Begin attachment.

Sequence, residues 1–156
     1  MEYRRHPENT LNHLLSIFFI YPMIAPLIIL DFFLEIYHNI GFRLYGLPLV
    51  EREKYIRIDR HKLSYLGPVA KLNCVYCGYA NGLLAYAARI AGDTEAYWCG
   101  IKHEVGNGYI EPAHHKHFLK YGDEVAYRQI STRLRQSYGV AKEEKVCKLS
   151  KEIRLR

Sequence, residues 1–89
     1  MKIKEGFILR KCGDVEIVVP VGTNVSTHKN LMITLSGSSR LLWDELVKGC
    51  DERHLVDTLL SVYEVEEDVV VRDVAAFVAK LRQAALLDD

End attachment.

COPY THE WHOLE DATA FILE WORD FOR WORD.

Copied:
Sequence, residues 1–156
     1  MEYRRHPENT LNHLLSIFFI YPMIAPLIIL DFFLEIYHNI GFRLYGLPLV
    51  EREKYIRIDR HKLSYLGPVA KLNCVYCGYA NGLLAYAARI AGDTEAYWCG
   101  IKHEVGNGYI EPAHHKHFLK YGDEVAYRQI STRLRQSYGV AKEEKVCKLS
   151  KEIRLR

Sequence, residues 1–89
     1  MKIKEGFILR KCGDVEIVVP VGTNVSTHKN LMITLSGSSR LLWDELVKGC
    51  DERHLVDTLL SVYEVEEDVV VRDVAAFVAK LRQAALLDD